The ‘CE Mark’, standing for ‘Conformité Européenne’, has long been used by UK manufacturers, distributors and suppliers for moving certain goods around Europe. During the late 80s it was adopted as a European safety standard within the single market for various products including electronics and electrical equipment, machinery, batteries, medical devices, toys and more. The UK, indeed, was one of the major parties lobbying for such a standardisation – according to ‘Scientists for the EU’.
Before the CE Mark was introduced, companies exporting to different European nations were required to adjust their products for different national safety requirements throughout Europe. National safety standards often effectively existed as import barriers, established to protect home-produced products from overseas competition.
Since being introduced, the ‘CE Mark’ has been required for many goods being moved within the single market; this has allowed for the exporter to sell broadly the same product throughout Europe. The Department for International Trade website explains that it fulfils the following functions:
- Shows that the manufacturer has checked that these products meet EU safety, health or environmental requirements;
- Is an indicator of a product’s compliance with EU legislation;
- Allows the free movement of products within the European market
The CE mark also applies to products made in third countries that are sold into or within the EEA and Turkey.
What happens to the ‘CE Mark’ after Brexit?
The first thing to note is that all CE rules will apply until the UK has actually left the Single Market – which could be at the end of a transition arrangement or sooner should the UK crash out without a deal. Even should a ‘no deal’ Brexit take place, the majority of CE Marking legislation is already written into UK legislation, so UK businesses potentially will be able to still use the CE Mark within the UK and the EU.
However, once the UK has left the single market, it may well exist as a third-party country and would therefore have the capacity thereafter to alter its legislation, possibly allowing discrepancies between CE rules and the UK’s newly independent standards to arise. It is thought that the UK will likely continue with much of the same legislation going forwards, but there is scope for a change in direction – most likely in relation to health and safety or environmental legislation.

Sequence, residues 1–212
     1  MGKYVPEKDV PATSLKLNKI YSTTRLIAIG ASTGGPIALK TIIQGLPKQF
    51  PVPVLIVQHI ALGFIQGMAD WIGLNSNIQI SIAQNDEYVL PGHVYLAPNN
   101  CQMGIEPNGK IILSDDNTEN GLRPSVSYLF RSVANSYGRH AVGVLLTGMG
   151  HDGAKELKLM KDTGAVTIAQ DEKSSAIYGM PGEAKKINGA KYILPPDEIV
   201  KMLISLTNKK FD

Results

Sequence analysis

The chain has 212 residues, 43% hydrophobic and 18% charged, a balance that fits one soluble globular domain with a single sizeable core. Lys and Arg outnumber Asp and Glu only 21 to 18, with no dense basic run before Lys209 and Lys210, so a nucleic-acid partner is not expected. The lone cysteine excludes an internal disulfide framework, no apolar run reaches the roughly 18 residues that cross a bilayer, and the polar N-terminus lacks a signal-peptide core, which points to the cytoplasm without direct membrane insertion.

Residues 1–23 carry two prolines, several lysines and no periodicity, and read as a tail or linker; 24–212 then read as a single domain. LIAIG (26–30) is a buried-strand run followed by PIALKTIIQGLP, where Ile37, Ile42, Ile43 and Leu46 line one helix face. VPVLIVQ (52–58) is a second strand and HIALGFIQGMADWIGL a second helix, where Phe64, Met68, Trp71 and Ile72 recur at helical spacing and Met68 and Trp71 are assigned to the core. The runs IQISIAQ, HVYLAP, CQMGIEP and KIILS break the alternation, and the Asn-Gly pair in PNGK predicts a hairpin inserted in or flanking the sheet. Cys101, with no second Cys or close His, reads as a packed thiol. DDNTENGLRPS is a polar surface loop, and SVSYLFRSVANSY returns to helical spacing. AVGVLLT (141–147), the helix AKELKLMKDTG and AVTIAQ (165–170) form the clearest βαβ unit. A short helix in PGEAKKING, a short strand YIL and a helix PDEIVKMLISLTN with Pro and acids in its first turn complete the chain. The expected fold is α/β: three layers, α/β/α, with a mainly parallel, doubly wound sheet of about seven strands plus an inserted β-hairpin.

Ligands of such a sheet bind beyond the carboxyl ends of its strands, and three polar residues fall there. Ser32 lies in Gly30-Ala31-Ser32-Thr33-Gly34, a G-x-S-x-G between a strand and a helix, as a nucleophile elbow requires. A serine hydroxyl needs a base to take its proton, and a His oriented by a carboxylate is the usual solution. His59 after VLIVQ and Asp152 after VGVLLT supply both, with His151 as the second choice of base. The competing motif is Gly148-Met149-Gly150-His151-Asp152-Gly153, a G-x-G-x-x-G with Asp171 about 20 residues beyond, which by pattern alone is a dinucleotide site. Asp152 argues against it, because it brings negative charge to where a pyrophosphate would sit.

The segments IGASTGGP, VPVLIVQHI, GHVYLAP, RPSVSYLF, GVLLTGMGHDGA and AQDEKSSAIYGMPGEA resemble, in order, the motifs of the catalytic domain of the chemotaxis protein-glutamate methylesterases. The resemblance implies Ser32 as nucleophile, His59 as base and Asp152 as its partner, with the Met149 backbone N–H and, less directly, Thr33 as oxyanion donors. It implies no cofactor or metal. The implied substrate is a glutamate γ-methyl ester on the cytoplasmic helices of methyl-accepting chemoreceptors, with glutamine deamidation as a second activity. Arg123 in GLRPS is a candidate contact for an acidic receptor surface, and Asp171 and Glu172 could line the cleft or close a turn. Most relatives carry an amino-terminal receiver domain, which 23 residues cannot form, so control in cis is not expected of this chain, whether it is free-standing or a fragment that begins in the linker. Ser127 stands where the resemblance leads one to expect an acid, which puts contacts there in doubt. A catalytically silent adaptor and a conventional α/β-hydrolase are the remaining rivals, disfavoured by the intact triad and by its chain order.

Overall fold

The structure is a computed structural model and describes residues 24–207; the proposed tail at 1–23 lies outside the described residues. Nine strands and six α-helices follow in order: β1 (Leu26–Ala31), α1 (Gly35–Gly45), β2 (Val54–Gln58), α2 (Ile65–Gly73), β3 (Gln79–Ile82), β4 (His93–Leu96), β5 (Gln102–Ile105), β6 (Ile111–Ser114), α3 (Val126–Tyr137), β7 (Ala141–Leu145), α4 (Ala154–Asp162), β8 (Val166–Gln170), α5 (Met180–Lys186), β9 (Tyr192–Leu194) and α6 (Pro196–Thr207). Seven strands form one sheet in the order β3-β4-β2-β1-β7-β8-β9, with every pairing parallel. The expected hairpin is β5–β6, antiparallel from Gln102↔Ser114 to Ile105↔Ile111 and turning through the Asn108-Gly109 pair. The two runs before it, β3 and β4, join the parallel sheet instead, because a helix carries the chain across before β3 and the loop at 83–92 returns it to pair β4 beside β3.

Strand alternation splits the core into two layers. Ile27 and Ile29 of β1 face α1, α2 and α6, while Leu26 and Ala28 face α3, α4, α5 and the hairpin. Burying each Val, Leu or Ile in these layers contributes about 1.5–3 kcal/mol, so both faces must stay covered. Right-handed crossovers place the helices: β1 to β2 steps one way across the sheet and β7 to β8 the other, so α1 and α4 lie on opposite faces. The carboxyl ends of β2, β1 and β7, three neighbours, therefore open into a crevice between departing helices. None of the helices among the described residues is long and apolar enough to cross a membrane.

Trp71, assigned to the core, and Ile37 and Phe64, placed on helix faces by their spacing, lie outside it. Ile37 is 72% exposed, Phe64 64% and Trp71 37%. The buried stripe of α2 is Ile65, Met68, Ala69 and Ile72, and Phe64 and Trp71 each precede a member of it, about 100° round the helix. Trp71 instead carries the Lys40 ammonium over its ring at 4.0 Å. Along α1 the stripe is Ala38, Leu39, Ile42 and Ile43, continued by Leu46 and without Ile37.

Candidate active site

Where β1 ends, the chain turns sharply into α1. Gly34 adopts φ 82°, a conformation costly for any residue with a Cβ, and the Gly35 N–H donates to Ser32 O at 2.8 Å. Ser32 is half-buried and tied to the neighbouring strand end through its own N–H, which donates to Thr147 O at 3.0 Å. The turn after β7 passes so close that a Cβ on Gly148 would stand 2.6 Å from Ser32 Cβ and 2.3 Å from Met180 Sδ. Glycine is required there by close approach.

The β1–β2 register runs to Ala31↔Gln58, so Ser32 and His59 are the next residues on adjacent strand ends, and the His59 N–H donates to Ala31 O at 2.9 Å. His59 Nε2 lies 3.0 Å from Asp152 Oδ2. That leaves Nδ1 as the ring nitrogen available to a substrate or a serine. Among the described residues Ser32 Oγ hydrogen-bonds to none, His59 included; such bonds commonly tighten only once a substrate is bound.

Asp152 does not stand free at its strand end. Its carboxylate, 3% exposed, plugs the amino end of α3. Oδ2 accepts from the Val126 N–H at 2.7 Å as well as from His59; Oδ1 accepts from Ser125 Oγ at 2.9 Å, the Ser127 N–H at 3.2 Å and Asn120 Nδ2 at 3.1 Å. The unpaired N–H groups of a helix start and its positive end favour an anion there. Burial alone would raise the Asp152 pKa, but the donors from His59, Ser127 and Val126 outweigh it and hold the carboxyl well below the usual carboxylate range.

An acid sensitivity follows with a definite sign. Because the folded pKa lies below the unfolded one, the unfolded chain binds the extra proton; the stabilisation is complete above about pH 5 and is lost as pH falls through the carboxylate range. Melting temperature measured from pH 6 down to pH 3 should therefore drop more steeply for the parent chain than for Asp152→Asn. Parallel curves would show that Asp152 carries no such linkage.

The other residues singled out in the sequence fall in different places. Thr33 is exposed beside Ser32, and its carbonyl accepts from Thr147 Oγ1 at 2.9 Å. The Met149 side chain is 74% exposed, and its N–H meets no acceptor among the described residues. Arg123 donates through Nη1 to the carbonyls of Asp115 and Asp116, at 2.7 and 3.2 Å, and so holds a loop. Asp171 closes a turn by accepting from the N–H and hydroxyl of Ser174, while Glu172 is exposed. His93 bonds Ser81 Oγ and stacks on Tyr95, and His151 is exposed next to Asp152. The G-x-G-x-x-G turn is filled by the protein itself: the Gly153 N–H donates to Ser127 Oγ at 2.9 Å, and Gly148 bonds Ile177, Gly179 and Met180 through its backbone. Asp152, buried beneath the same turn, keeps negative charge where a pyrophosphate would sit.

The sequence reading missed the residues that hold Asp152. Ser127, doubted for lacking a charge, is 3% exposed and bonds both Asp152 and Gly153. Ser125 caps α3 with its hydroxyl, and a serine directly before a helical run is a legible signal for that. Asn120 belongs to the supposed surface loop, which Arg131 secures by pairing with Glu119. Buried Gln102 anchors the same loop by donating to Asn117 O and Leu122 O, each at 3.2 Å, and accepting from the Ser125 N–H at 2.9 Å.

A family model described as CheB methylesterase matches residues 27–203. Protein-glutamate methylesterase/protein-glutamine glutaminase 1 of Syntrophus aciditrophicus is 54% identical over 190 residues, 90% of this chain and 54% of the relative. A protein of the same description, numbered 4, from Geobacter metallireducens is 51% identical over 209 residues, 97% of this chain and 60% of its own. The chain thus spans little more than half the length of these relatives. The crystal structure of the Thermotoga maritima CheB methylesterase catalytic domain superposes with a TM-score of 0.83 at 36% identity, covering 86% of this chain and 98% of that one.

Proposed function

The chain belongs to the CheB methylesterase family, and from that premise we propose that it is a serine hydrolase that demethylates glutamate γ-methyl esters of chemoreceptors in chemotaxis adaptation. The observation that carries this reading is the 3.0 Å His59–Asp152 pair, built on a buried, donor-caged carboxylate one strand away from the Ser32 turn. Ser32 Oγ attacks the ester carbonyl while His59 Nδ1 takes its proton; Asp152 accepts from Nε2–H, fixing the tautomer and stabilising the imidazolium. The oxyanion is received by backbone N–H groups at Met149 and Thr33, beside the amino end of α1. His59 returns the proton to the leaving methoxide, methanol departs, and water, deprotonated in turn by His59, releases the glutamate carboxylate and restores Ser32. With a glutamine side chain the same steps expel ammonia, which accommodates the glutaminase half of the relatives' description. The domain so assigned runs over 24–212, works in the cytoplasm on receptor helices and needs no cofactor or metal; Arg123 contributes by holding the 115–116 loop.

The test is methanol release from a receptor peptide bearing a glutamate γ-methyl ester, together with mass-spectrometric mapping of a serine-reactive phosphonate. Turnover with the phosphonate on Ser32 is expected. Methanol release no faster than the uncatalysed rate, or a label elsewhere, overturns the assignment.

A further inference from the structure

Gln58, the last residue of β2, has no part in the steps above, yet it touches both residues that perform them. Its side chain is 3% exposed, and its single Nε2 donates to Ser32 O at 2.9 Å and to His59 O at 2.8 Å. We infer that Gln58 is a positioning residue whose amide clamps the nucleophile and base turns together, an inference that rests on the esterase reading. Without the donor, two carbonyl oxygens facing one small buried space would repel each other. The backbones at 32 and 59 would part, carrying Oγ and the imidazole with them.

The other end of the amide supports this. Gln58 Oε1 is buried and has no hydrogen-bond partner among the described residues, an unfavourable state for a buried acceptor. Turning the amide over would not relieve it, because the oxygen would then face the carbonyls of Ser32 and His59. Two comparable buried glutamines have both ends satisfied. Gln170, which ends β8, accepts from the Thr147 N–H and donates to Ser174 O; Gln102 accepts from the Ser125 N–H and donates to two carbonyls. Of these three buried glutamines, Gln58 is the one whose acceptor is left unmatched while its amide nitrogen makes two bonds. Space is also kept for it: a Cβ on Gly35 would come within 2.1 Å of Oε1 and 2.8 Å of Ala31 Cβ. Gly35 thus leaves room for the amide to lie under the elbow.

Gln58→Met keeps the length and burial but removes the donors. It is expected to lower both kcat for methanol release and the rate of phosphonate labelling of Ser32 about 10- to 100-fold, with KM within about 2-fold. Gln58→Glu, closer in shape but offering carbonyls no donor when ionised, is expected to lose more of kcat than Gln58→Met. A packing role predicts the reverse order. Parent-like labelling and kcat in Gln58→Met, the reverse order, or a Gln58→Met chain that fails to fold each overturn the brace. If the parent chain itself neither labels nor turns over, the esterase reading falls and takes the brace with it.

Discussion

In this scenario, the UK exporter will need to ensure they continue to conform to CE mark rules when selling into Europe, but they may need to adjust their product to conform to new UK regulations; or should the EU change rules relating to the CE Mark but the UK maintain its existing rules, the exporter will need to adjust its products to meet the CE Mark when exporting to the EU.
The UK’s Health and Safety Executive explain:
“The manufacturer, or the manufacturer's authorised (in writing) representative in Europe (in the UK they are known as the Responsible Person), carry the full responsibility for the safety and conformity of the product. This duty must be met before the product is placed on the market or put into service.”
By leaving the EU, the UK may well forfeit much of its influence over the future of the rules behind the use of the CE Mark, which could result in the UK looking to implement its own rules over which it would retain full control.
As things stand, however, the exit will not have an effect on the UK’s participation in European standards bodies like CEN and CENELEC – according to CE Marking specialists ‘Conformance’.
Given the UK government’s insistence that it wishes to preserve frictionless trade between the UK and the EU, it remains likely that some regulatory alignment between the UK and the EU will persist in relating to the rules for using the CE Mark.